Thursday, October 02, 2014

Global Policy publishes my Issue Brief on Internet Governance + India

The Observer Research Foundation’s Mahima Kaul unpacks India’s approach to internet global governance.

Governments around the world seem to be straddling the dichotomy the internet has brought into our lives: the endless possibilities of innovation, commerce, expression, big data, along with the challenges of cyber crime, security, disinformation and surveillance. The weight given to each of these outlooks ends up determining a governments approach towards internet governance. And since global internet governance itself is distributed across various foras, governments are free to change their strategy to suit their outlook, depending on the topic being discussed. The same government might approach the management of critical resources with a strict nationalistic outlook, yet look to forge agreements on cyber crime bilaterally, create norms of state behavior multilaterally, and discuss human rights and free expression via a multistakeholder process. This is also the reason that democracies need not necessarily agree on global governance mechanisms even if they converge on values.

It must be kept in mind that the internet has fundamentally changed over the years. Its potential to cross barriers and serve as a platform for the free exchange of goods and knowledge remains immense, and some of those who have seen the development of the internet from its inception are fighting bitterly to keep it such. But, the reality is that is not quite the version of the internet that many new users experience. They have inherited an internet fraught with crime such as hate speech and cyber bullying, it is an internet where net neutrality is being threatened in the very country that created it, an online world where big corporations are pushing stringent intellectual property regimes and where ‘free trade’ over the internet seems to be a well crafted narrative to promote the supremacy of US companies. Navigating these waters, for people and governments alike, can be complex.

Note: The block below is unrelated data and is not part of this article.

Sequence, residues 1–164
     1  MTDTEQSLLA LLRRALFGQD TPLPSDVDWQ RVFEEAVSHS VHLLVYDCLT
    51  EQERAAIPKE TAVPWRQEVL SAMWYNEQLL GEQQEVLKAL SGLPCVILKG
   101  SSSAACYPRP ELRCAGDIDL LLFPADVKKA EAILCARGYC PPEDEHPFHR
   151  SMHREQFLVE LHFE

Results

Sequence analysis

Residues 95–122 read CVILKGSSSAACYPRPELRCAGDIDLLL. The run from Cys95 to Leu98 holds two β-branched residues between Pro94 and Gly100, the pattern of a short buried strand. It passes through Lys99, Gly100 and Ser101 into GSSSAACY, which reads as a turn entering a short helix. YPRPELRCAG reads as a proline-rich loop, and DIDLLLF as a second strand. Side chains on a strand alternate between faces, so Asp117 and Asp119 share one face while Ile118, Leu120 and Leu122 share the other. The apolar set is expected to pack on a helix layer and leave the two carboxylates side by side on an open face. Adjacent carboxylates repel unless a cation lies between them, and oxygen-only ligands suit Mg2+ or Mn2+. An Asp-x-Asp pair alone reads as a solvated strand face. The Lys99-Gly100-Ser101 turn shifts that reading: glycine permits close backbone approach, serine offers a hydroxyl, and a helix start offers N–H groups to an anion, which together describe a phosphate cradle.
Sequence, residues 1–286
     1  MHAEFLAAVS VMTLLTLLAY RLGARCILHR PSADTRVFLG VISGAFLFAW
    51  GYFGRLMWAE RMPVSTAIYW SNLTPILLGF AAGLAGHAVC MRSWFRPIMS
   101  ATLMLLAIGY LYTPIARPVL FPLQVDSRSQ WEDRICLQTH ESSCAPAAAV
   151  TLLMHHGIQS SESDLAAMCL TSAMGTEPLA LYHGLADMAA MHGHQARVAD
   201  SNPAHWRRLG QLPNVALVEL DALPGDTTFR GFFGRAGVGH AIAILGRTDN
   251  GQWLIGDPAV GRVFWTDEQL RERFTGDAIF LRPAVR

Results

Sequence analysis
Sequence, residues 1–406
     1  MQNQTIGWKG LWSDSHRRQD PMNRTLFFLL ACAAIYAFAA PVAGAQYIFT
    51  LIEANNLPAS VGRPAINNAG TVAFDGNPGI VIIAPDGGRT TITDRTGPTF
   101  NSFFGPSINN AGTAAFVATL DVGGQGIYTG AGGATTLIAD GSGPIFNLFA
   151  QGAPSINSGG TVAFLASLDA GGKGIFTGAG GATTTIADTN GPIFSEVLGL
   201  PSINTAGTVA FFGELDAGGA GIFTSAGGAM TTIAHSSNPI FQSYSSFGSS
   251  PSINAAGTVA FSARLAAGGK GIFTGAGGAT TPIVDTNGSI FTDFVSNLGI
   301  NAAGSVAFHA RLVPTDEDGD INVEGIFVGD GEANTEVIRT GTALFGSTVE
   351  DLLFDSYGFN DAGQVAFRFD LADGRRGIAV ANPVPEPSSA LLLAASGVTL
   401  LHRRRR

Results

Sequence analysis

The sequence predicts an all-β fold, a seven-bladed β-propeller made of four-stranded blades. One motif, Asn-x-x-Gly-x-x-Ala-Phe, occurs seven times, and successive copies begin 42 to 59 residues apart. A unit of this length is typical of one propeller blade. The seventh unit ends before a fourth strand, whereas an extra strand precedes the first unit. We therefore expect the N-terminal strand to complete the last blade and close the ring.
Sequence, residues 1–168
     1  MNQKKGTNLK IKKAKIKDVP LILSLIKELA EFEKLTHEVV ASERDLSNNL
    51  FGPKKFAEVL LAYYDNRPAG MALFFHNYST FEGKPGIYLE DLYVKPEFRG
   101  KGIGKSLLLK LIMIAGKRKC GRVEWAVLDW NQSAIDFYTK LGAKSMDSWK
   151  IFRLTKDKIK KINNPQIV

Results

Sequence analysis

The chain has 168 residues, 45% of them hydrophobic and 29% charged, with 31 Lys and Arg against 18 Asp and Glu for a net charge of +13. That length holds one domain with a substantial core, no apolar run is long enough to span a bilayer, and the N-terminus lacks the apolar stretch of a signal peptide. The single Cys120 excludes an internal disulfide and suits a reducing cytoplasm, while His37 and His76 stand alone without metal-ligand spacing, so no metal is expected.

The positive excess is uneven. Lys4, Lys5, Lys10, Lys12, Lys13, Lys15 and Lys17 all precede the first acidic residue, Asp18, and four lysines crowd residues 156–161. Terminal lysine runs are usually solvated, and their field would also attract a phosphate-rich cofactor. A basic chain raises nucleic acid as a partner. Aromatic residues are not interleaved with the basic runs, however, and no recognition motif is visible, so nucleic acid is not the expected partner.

Currently, the US dominates the global internet governance architecture and pushes a multistakeholder system that banks on the participation and maturity of all stakeholders. Countries like India, tiptoeing into many of these foras, do not share the same enthusiasm for these governance mechanisms. The vast majority of Indian citizens are not yet online. In fact, the Indian government is most concerned about the current management structure of critical internet resources, the uncoordinated national approaches to determine cyber jurisdiction over transactions that span multiple territories, and ensuring universal access through affordable (and secure) devices. With this background, it can be understood why the world’s most diverse democracy has resisted “multistakeholderism” as a global governance mechanism, a system inherently democratic in its description, but not yet suited to its objectives.

Yet, for a people famously called argumentative by Nobel laureate Amartya Sen, Indians have been curiously lacking in explanations about these particular decisions. The international press, confused by the government of India’s contrarian views, simplistically bunches it along with authoritarian countries who oppose the US’s global governance framework.

The below Issue Brief attempts to unpack India’s approach to global governance, and its attempt to seek a new global governance paradigm:

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